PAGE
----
The new Hungarian Labour Code promises a fundamental overhaul of that country's labour law. Intended to improve competitiveness and increase employment in the face of the current economic crisis, the revised Labour Code introduces new forms of employment, and significantly changes employment rules from hiring to termination.
The new Code recognizes atypical or flexible forms of employment, and expressly allows employees to work for different employers in the same position simultaneously.
Different salaries may be paid to employees of the same employer who work in different regions.Continue Reading...
The Act of 1 January 2011, published on 7 February in the Belgian Official Gazette, extends two of the five anti-crisis measures that were introduced in 2009.
Measures that have been renewed for a period of two months ending on 31 March 2011, and are extended again until 31 May 2011:
- temporary and collective schemes to completely or partially suspend the employment contracts of white-collar workers (economic unemployment of white-collar workers);
- grant of a crisis-related premium to dismissed blue-collar workers: Any blue-collar worker whose contract is terminated by the employer during the period of validity of this measure (excluding dismissals during the trial period, for serious reason, with a view to retirement or early retirement, in mutual agreement, due to the expiry of a fixed-term contract, or in case of collective dismissal) are entitled to a crisis-related premium of EUR 1,666 borne by the National Employment Office and/or the employer.
The following measures ceased to have effect on 1 February 2011:
- temporary and collective reduction in working time, with or without introduction of the four-day week;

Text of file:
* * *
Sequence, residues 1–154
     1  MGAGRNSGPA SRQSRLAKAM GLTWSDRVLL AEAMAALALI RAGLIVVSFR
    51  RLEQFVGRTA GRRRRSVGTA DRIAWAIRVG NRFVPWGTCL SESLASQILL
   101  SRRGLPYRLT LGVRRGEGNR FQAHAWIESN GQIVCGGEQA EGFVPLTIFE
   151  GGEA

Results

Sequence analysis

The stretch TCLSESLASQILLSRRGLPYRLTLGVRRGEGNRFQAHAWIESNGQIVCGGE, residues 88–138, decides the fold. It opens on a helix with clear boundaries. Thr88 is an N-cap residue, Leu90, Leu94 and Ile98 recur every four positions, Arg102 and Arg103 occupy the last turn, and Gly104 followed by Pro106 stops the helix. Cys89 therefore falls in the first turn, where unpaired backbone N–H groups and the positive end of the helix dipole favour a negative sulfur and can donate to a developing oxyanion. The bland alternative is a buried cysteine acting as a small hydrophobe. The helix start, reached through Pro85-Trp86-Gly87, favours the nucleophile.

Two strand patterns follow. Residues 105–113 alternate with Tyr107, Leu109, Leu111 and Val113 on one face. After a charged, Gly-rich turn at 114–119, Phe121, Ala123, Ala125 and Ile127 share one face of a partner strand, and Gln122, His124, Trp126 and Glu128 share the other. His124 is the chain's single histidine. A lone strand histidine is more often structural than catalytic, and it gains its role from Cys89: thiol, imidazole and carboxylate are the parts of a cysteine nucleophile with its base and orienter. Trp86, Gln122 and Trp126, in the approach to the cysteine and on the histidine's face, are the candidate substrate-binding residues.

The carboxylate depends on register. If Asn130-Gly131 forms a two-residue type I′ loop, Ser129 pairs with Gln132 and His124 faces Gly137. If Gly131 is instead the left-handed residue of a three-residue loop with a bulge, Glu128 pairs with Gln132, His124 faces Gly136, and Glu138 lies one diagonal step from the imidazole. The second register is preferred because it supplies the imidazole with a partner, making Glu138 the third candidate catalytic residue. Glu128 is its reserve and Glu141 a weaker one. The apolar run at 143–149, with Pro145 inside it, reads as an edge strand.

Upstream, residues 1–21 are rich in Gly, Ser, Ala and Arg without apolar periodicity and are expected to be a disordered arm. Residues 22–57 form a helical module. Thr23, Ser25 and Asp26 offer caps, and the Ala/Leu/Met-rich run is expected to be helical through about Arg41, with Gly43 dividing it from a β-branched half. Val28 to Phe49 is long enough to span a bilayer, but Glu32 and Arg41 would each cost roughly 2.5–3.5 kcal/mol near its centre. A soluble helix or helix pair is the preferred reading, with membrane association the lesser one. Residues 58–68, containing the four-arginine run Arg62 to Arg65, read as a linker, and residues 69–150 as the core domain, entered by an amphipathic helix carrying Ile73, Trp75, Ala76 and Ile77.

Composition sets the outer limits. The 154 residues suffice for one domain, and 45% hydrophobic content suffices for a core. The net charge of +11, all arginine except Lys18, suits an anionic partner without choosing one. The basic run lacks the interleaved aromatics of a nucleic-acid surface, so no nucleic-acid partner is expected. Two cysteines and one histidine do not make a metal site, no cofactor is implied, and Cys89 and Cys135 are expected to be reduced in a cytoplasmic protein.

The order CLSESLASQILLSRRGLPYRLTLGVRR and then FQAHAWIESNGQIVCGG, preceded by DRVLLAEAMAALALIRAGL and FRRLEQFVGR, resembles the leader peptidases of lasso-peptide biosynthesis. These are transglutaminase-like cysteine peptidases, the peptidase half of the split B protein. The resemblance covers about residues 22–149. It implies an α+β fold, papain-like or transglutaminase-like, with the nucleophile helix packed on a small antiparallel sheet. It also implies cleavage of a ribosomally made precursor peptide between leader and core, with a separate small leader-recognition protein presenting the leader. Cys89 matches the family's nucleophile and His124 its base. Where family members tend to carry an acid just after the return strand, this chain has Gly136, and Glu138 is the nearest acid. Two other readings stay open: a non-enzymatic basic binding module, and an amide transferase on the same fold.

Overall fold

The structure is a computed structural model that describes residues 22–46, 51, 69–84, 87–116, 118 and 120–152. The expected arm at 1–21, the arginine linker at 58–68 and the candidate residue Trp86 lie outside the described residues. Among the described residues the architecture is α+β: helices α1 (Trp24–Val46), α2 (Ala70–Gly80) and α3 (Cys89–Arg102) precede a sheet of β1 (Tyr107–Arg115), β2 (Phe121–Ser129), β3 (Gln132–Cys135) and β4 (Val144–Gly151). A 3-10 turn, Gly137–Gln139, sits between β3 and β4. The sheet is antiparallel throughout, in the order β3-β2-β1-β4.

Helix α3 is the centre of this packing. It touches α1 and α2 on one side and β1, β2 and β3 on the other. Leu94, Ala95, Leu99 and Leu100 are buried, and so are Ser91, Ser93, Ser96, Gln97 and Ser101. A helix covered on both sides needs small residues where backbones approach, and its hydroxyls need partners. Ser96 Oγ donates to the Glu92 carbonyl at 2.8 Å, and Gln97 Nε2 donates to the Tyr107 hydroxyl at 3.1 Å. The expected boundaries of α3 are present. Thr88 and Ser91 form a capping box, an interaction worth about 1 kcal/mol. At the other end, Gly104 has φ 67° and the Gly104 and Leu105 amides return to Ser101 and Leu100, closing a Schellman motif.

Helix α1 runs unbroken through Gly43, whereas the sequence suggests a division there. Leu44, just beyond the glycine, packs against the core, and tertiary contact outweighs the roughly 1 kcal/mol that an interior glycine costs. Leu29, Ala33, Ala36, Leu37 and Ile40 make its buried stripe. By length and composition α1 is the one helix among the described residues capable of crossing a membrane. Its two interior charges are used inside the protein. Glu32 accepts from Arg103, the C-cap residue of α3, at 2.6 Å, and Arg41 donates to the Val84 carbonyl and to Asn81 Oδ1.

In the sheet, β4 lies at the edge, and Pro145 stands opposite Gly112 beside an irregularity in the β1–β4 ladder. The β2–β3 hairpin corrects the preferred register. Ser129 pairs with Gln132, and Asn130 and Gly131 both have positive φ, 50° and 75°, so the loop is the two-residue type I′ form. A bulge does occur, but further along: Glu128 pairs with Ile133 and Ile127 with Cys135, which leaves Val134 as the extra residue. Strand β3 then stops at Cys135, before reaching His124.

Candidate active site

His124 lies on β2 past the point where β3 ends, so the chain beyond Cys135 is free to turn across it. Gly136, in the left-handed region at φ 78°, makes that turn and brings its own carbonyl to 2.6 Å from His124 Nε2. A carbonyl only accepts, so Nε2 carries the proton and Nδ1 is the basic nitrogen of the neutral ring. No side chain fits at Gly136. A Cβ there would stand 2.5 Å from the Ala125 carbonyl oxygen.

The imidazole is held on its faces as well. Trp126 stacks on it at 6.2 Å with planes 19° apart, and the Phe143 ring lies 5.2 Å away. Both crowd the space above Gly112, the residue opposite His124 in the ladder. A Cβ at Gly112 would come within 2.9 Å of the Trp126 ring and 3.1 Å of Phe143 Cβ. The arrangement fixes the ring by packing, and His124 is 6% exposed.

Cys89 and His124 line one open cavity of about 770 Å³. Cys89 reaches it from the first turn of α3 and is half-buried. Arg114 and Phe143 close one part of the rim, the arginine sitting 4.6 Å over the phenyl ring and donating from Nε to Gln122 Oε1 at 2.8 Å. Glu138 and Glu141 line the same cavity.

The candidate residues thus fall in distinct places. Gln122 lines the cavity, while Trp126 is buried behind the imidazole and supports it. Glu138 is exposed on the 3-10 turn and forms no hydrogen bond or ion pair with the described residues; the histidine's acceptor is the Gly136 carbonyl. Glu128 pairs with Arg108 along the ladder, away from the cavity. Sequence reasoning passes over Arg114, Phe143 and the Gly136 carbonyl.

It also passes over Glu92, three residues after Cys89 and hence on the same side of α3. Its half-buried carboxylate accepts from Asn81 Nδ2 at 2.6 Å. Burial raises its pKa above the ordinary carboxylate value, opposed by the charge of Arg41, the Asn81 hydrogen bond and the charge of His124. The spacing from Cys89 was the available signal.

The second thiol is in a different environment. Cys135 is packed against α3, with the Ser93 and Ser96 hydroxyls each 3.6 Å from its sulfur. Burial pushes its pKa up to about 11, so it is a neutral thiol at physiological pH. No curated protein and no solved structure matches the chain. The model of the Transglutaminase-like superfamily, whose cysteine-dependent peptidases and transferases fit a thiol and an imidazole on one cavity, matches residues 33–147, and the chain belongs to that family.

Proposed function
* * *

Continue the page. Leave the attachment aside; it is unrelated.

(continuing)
- the "restructuring card" (with respect to workers dismissed following a bankruptcy) and targeted reduction in social security contributions paid by the employer;
- the system of temporary and individual reduction in working time to cope with the crisis (crisis-related time credit).
A survey report (pdf) of 72 large employers finds that most anticipate an increase in health care costs in 2011 as a result of the Patient Protection and Affordable Care Act ("Affordable Care Act"), and are making changes to their plan designs in order to comply with the new health care law and its regulations. The Affordable Care Act will require health care plans to comply with a number of new standards as of September 23, 2010. To learn more about the survey report and how employers will ensure compliance with the Affordable Care Act and manage costs, please continue reading at Littler's Healthcare Employment Counsel blog.
Photo credit: MBPHOTO, INC.
Employment Newsnotes (PDF) is a quarterly publication by Lewis Silkin covering recent UK employment law developments in an accessible, succinct and entertaining way. The latest issue includes articles on:
- Employee expenses claims: how employers can devise a clear and effective policy
- Preparing for swine flu: employment law issues
- New Government proposals on medical sickness certificates
- Cost-saving alternatives to redundancy
- Forthcoming legislation prohibiting trade union blacklisting
- Recovering overpayments of wages
- Age discrimination: UK mandatory retirement regime to be reviewed in 2010
- 'Dual discrimination' measures included in Equality Bill